The Unrestrained Use of Excessive Force - The 1980s
1984 introduced Sascha Konietzko's baby via Opium. Udo Sturm, 1/2 of the project at that time, left shortly after the album's release to be replaced by the enigmatic then-drummer, En Esch, and What Do You Know Deutschland followed in 1986, marking the beginning of the band's longstanding relationships with both cover artist Brute and Wax Trax! Records.
Don't Blow Your Top and 1989 brought the full-length UAIOE and the first of many collectible singles, the excellent Virus.
Sex on the Flag - The 1990s
1990 brought the superb Naive, now ultra-collectible in its original orange cover incarnation as uncleared samples forced the album to be pulled from shelves shortly after its release. The single Godlike came out in '91 along with Split / Piggybank, Naive (split with thh Thrill Kill Kult), as well as the single Money / Bargeld, whose full-length album of the same name, Money, followed in '92.
Vogue and Help Us Save Us Take Us Away were also released as singles from 'Money' in '92.
1993's Angst is a definite high point in the band's career, with the excellent singles, Sucks, A Drug Against War, and Light bringing the band into 1994, which saw a re-release of a remixed Naive, Naive / Hell to Go, with all of the contested samples removed (and some tracks remixed).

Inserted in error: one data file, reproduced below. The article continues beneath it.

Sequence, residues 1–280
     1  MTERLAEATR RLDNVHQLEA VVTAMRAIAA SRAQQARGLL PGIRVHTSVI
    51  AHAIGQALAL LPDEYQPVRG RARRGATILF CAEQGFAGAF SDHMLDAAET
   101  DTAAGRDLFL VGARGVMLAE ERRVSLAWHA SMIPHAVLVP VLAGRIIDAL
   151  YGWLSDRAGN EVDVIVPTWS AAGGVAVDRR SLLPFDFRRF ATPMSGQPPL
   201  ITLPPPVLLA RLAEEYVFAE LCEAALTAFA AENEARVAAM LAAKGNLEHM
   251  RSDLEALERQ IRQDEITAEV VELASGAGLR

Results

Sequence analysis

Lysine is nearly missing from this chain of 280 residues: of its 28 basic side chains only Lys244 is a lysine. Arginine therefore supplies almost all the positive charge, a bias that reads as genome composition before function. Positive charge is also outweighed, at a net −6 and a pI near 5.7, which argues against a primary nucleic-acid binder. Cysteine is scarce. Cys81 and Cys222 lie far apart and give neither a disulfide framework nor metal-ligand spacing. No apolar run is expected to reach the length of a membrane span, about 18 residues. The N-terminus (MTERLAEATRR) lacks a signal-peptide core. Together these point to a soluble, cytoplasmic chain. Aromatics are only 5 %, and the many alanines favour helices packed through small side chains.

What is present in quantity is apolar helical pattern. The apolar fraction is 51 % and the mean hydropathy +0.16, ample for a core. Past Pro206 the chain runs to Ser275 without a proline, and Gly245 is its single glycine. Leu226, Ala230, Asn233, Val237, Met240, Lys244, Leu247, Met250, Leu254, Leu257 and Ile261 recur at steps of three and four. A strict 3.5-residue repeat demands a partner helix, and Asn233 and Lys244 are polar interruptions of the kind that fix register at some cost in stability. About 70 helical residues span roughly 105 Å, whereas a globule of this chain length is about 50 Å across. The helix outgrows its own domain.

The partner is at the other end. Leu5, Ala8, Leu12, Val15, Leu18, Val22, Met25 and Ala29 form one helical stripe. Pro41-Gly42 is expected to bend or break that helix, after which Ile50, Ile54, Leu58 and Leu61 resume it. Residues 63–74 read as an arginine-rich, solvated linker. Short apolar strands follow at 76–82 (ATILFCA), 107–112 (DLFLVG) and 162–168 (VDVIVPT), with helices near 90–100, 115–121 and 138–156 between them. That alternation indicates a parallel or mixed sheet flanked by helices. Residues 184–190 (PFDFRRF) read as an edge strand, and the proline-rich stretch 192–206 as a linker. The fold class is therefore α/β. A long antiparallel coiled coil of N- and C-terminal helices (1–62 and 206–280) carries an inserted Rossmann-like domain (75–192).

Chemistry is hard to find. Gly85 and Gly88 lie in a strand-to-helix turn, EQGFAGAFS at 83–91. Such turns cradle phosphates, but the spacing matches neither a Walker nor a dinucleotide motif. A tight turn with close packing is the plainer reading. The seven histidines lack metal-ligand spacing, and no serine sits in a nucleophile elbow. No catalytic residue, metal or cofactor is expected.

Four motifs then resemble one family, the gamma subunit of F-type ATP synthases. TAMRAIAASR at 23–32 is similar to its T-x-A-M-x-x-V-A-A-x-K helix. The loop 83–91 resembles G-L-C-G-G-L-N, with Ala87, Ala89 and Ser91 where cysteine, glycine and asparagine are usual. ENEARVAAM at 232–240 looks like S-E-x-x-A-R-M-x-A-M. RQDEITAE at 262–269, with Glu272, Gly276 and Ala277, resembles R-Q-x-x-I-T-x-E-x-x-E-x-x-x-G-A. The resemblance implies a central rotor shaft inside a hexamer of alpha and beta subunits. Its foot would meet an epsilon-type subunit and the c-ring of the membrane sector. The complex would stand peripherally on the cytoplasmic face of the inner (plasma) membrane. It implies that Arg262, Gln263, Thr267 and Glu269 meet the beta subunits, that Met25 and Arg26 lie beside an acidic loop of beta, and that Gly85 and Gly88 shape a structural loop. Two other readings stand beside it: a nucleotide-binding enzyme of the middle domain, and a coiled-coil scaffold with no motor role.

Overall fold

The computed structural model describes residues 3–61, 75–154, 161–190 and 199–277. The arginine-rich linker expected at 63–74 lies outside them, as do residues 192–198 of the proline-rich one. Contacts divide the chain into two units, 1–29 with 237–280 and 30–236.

1995 saw the release of another winner, Nihil, and the band's biggest chart performance yet came with the single Juke-Joint Jezebel (also available in a Morodor-remixes-only version: Juke-Joint Jezebel: The Giorgio Moroder Mixes (w/ Kraut)). Brute followed as another single and Glory came along in '96, three years after its parent album, Angst.
By 1996, Nine Inch Nails had brought industrial into the mainstream but KMFDM remained unapologetically unchanged, unleashing Xtort and its smashing single, Rules, upon the world. '97's "Symbols" found electronic sounds washing over the once-dominant guitars, but tracks such as"Megalomaniac" from the MDFMK EP rocked as hard as ever.
'98 found KMFDM finally anthologized with Retro representing the "Best-Of" and Agogo collecting b-sides, compilation tracks and remix rarities. In 1999, KMFDM roared away with Adios, but not for long...
(The brief breakup produced the one-off similar side-project, Mdfmk and, in the meantime, much of the Wax Trax! era can also be sampled video-wise on Beat By Beat By Beat)
Check in tomorrow for Back in the U.S.S.A. - The New Millennium and onward...